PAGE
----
Guest Author Interview with Diane Guntrip!

Thank you so much to author, Diane Guntrip, for taking the time to answer some questions for us. We appreciate it, and we know that your readers will as well!

1. What inspired you to write this book?

Answer: This is the question I dread being asked. It is a difficult question for me to answer as I have no idea where the inspiration for ‘Dear H’ came from. There has never been a time when I have not been involved in some form of creativity. About 17 years ago, I began writing some short stories with no intention to publish any of them. The writing was spasmodic. Over the years, ‘Dear H’ graduated from being a short story to a fully fledged diary. On being encouraged by my neighbour’s granddaughters, it was published in 2014.

2. Can you tell me about the book?

Answer: ‘Dear H’ is for young people of aged 10 years+ although a lot of adults have read and enjoyed the book. Originally, it was written as just a book to be enjoyed. However, once the book was completed, I saw it in another light. I now use the book as a basis for workshops on bullying, self-esteem, depression, etc in schools. The diary details 12 year old Amanda’s battle with daily bullying. She should be the happiest girl in the world. She is the daughter of wealthy, successful parents, lives in a six bedroomed mansion and attends a prestigious private college. What more could she ask for? However, Amanda is besieged with problems. She is lonely, ‘fat and frumpy’, suffers from depression and has low self-esteem. BUT, her biggest fear is of Cassandra and her gang of bullies who torment her every waking hour. Follow Amanda’s journey from ‘poor little rich girl’ to realizing her dreams.

3. What is your writing process like?

Answer: I enjoy lots of other creative pursuits so my writing is spasmodic.

4. Was the character inspired by a real person? If so, who?

Answer: No

5. What do you think happened to the characters after the book ended?

Answer: You can read about what happened to Amanda in the sequel, ‘The Daisy Chain’.

6. What are common traps for aspiring writers?

Answer: I think aspiring writers should go ahead and write. However, they need to be aware of the pitfalls of publishing and have an idea of how they plan to promote their book. They should ask themselves whether they have an adequate knowledge of grammar, editing and proof reading. Do they have the funds to self publish and is their subject matter going to appeal to an audience?

7. Do you try more to be original or to deliver to readers what they want?

Answer: I write from my heart but at the same time, I like to hope that my writing will reach the hearts of my readers.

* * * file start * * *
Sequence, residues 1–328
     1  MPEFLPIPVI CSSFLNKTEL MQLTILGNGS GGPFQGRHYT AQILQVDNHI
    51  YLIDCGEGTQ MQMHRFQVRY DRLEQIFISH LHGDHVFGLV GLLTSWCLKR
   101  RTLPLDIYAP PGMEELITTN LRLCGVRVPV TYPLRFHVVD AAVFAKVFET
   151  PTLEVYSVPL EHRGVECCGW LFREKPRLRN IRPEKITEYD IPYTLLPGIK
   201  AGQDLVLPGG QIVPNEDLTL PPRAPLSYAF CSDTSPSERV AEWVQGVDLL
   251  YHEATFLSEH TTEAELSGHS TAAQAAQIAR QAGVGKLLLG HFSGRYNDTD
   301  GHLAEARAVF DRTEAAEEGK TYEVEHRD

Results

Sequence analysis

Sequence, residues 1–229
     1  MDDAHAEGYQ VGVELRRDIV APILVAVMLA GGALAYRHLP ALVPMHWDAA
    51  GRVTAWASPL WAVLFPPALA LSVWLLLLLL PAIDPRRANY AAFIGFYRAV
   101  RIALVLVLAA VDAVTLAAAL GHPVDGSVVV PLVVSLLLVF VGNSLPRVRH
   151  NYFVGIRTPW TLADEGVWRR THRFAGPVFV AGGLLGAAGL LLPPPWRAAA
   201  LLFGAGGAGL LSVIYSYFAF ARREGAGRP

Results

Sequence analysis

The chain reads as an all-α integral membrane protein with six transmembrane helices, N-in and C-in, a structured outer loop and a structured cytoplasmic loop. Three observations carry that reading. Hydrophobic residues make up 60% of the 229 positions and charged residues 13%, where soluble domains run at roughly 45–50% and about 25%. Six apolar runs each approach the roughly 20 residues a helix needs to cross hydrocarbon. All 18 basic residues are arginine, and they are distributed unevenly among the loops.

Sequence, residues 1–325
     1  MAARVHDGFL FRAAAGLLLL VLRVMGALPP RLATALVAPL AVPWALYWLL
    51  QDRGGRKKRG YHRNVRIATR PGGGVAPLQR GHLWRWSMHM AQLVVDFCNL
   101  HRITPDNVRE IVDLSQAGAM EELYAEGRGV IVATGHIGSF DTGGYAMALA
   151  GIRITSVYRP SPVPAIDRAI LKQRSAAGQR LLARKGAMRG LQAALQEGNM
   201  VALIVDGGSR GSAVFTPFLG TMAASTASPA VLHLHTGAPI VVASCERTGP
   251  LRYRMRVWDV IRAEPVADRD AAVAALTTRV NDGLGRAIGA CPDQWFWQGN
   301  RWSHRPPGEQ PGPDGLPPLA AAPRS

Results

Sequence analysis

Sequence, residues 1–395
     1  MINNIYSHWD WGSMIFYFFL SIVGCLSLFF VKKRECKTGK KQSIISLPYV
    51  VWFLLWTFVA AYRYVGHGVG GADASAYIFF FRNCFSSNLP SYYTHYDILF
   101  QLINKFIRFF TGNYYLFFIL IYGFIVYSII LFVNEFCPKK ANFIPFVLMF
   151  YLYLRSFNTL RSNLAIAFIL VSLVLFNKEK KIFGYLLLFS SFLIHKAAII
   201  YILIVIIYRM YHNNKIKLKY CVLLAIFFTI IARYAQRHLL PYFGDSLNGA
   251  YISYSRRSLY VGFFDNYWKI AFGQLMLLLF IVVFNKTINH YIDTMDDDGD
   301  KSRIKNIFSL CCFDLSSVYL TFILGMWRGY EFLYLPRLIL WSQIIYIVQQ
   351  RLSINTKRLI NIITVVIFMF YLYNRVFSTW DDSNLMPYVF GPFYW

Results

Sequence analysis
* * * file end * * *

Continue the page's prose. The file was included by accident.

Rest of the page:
8. Do you want each book to stand on its own, or are you trying to build a body of work with connections between each book?

Answer: My second book, ‘The Daisy Chain’, is the sequel to my first book, ‘Dear H’. I did not originally plan to do this but felt that Amanda’s story needed a continuation as her story was incomplete. My third book, which is unfinished, tells the story of one of the characters outlined in the 2nd book. Again, I felt that her story needed to be told.

9. How many unpublished and half-finished books do you have?

Answer: Just one, ‘Tilly’s Story’.

10. What kind of research do you do, and how long do you spend researching before beginning a book?

Answer: I did not do any research for my first two books. ‘Tilly’s Story’ requires some research but I will do this alongside writing the book.

11. What period of your life do you find you write about most often? (child, teenager, young adult)

Answer: Presently, I am focusing on upper primary/young adult fiction.

12. How do you select the names of your characters?

Answer: The names just present themselves to me.

13. If you didn’t write, what would you do for work?

Answer: I am a retired teacher and write when I have the time.

14. What was your hardest scene to write?

Answer: The hardest scene is yet to come.

15. How long on average does it take you to write a book?

Answer: My first book was spread out over many years. I think taking breaks from writing is good. During that time, new ideas can often present themselves to the writer.

16. Do you believe in writer’s block?

Answer: For my first 3 books, I have known how the story will pan out from start to finish. I don’t really suffer from writer’s block. However, I sometimes feel more in the mood to write than at other times.

17. What works best for you: Typewriters, fountain pen, dictate, computer or longhand?

Answer: I use my PC.

18. Do you aim to complete a set number of pages or words each day?

Answer: No.

19. Do you set a plot or prefer going wherever an idea takes you?

Answer: I have the whole plot in my head when I sit down to write.

20. Do you read much and, if so, who are your favorite authors?

Answer: I enjoy books by Cathie Kelly, Fiona McIntosh, Amanda Prowse, Joanna Trollop – to name a few.

21. Who are your books mostly dedicated to?

Answer: I normally dedicate my books to my husband.

22. Who is the most supportive of your writing in your family?

Answer: My husband.

23. Is it true that authors write word-perfect first drafts?

Answer: I certainly don’t. I spend hours editing and proof reading.

24. Did any of your books get rejected by publishers?

Answer: I sent ‘Dear H’ off to a few publishers with no success. I decided to self-publish as I wanted to reach my audience sooner than later as the subject of bullying is topical and needed to be addressed.

25. Is writing book series more challenging?

Answer: I do not have enough experience to answer this question.


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